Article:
Security and compliance best practices

It may not seem directly related, but it’s important to consider security and compliance best practices as part of FinOps governance because security incidents can result in data breaches, service disruptions, and regulatory fines. Unpatched vulnerabilities or misconfigurations can allow malicious actors to run unauthorized workloads or even mine cryptocurrency in your cluster, consuming excess resources and incurring unexpected costs. Similarly, some regulations may mandate specific security controls or data residency requirements, which can impact your resource allocation and your costs. In addition, failure to comply with regulations can result in significant fines, reputational damage, and business disruptions.

To manage these costs, consider adopting some of these security best practices for Kubernetes:

  • Least privilege: Grant the minimum permissions and resources required for workloads to function.
  • Network segmentation: Isolate workloads using network policies to limit lateral movement within the cluster in case of a breach.
  • Vulnerability management: Scan your cluster for vulnerabilities regularly and patch them as quickly as possible (based on the risk they present).
  • Secrets management: Store and manage sensitive data securely. For example, store access credentials using Kubernetes Secrets or a dedicated secrets management tool.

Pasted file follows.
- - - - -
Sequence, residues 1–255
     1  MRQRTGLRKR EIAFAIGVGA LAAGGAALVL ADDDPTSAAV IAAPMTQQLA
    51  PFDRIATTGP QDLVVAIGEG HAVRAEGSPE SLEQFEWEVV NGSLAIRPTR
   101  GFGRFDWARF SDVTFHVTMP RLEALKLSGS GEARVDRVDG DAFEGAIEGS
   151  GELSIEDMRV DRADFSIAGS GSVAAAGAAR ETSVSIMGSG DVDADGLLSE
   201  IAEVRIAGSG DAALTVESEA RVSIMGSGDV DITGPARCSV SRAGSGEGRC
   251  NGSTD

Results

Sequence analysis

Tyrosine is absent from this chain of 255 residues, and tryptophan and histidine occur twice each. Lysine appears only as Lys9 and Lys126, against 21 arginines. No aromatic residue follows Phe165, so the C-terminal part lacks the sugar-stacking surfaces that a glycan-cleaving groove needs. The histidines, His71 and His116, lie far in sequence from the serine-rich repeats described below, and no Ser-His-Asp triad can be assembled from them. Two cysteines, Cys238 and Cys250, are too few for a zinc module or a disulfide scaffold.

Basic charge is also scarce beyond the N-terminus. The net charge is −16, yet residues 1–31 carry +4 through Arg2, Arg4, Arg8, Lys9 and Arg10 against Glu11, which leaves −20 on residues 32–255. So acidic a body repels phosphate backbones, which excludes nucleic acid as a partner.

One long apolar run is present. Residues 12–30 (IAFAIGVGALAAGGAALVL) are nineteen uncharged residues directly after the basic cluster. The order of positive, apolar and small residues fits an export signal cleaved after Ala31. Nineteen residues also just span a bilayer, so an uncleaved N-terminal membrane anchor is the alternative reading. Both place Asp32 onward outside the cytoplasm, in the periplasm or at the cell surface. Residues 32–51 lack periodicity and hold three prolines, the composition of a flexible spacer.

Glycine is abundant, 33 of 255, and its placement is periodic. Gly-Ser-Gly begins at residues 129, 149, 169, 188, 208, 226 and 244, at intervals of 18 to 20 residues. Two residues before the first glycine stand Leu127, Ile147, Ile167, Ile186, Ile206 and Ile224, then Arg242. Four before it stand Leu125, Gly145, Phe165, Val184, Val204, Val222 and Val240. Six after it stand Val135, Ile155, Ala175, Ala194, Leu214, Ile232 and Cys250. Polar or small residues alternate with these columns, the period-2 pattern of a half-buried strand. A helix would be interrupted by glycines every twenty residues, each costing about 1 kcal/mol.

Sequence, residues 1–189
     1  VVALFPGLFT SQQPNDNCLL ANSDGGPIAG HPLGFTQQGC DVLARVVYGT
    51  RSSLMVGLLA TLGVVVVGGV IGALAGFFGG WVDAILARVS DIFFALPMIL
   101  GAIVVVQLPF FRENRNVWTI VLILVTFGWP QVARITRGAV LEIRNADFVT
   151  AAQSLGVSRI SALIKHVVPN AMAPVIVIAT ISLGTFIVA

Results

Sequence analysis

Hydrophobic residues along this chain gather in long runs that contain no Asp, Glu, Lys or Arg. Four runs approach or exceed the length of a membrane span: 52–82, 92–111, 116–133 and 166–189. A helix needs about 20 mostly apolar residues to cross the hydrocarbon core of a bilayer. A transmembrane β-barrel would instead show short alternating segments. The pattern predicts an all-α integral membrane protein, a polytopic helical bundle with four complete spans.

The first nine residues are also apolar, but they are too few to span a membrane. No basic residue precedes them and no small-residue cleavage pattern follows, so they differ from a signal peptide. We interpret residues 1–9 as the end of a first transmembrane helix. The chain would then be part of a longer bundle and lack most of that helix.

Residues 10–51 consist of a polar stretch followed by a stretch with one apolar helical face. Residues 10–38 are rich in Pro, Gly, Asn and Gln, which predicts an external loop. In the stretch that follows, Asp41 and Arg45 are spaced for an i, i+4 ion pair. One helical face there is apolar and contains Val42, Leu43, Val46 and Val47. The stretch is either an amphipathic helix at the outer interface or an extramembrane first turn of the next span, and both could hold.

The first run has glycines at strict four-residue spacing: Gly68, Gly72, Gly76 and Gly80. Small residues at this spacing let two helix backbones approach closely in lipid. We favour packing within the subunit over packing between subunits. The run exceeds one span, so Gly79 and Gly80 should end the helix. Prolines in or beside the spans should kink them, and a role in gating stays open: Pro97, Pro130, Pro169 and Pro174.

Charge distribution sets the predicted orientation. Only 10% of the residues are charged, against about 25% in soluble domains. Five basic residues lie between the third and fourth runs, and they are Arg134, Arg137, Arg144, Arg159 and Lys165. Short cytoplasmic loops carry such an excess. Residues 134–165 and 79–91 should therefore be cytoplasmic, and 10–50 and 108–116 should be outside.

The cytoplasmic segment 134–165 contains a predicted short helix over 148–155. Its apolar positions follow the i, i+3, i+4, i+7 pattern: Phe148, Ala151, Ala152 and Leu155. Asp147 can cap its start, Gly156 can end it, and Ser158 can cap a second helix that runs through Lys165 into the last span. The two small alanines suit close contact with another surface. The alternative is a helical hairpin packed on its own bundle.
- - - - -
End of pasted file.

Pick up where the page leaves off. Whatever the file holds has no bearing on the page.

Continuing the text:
• Cluster role-based access control (RBAC): Implement RBAC to manage access to resources based on user roles.
  • Continuous integration/continuous delivery (CI/CD): Integrate security checks into your CI/CD pipeline to identify and address vulnerabilities early in the software development lifecycle (SDLC).
  • Security audits: Conduct security audits of your Kubernetes cluster frequently to identify and resolve any security misconfigurations.

Example policies

A few policies to consider that enable better FinOps governance in Kubernetes include:

  • Only permitting certain EC2 instance types
  • Requiring labels on all Kubernetes workloads so you can do cost allocation
  • Requiring memory requests be set to improve efficiency and reliability

You can implement policies at each stage of the SDLC. Use tools that can help you with policy enforcement, such as:

Some examples of Kubernetes-centric policies and guardrails you may want to implement in the CI/CD phase when devs make pull requests include:

  • Requiring workloads to have CPU and memory requests set
  • Alerting developers when their resources are over-provisioned
  • Providing feedback to developers on the cost impact of their resource changes
  • Requiring use of ownership and reporting labels so container costs can be allocated

Cost Visibility and Reporting

To implement FinOps governance effectively, you need tools and processes to track and report cloud costs. Look for tools that include cost dashboards and visualizations to ensure teams can easily understand costs. You’ll also want regular reports and alerts so you can stay informed about cost trends across all teams — the FinOps team needs to understand the big picture, but cloud cost owners, the finance team, and the engineering team all need to know about these trends as well. In addition, make sure you have the ability to run regular chargeback reports to help to incentivize responsible budgeting for cloud spend.